PRAGUE — Slovakia signed a deal to acquire 2 million doses of Russia’s Sputnik V coronavirus vaccine, Prime Minister Igor Matovic said Monday.
Matovic said his country will get 1 million shots in the next two months while another million will arrive in May and June.
Slovakia is the second European Union country to use the vaccine, which hasn’t been approved by the European Medicines Agency, after Hungary. It hasn’t been registered by Slovakia’s drug authority, but the deal was made possible by Health Minister Marek Krajci’s approval.
Matovic said the nation of 5.4 million will be able to speed up the vaccination program by 40%.
Slovakia has so far administered 305,832 shots of Western vaccines that it has received through an EU deal. To speed up what is considered a slow EU delivery, the country started to look for other options.
“Nobody has a recipe other than the necessity to inoculate,” Krajci said.
Slovakia became the country with the most COVID-19 deaths by size of population in the world amid a surge of a fast-spreading British coronavirus variant.
The number of COVID-19 patients in Slovakia’s hospitals reached a new record high of 4,008 on Sunday — a situation that has recently prompted leaders to appeal for outside help.
The seven-day rolling average of daily deaths didn’t rise or increase over the past two weeks, remaining at 1.79 deaths per 100,000 people since Feb. 14 till Sunday, according to Johns Hopkins University.
The country is planning to tighten its already strict lockdown on Wednesday.
Matovic’s coalition government originally rejected a plan to acquire Sputnik V on Feb 18 after one of his four coalition partners vetoed the move.
Matovic kept the deal secret, announcing it on Monday only after a military cargo plane with the 200,000 doses of the vaccine landed in the eastern Slovak city of Kosice.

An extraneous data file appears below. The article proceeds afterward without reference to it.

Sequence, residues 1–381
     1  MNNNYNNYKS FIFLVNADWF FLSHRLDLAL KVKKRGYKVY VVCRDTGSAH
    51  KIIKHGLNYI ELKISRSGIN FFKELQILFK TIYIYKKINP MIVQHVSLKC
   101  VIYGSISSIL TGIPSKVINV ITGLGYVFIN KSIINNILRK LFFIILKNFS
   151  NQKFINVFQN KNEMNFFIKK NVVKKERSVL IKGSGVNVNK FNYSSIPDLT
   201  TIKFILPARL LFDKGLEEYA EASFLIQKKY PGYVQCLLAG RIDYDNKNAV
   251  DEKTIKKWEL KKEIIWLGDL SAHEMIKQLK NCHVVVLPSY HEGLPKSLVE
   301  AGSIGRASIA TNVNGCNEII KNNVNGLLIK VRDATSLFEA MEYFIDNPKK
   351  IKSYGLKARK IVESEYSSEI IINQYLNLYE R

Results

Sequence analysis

The move will likely cause further tensions in his center-right coalition.
Deputy Prime Minister Veronika Remisova, who heads the For People party that didn’t agree with the plan previously, said any vaccine to be used in her country needs to be registered by the EMA, the EU’s drug regulator.
One member of parliament for her party, Tomas Valasek, immediately announced he was leaving the coalition over the deal.
“Not in my name,” Valasek said about it.
Krajci said the authorities might start to administer the vaccine — possibly in about two weeks.
“I’m glad that the citizens of Slovakia will have this vaccine at their disposal,” he said, adding it will be administered on a voluntary basis.
With Western vaccines rolling out slowly to the EU’s 27 member states, Polish President Andrzej Duda spoke Monday with Chinese President Xi Jinping and asked him about the possibility of Poland buying Chinese-made vaccines.
Duda aide Krzysztof Szczerski said whether or not Poland ends up buying the Chinese vaccines will be a decision of the Polish government, but that Duda welcomed the Chinese leader’s willingness to make his country’s vaccines “a global public good.”
So far, Poland, like Slovakia, is only using the Western-made vaccines of Pfizer, Moderna and AstraZeneca.
Vanessa Gera in Warsaw, Poland, contributed to this report.
Follow all of AP’s pandemic coverage at: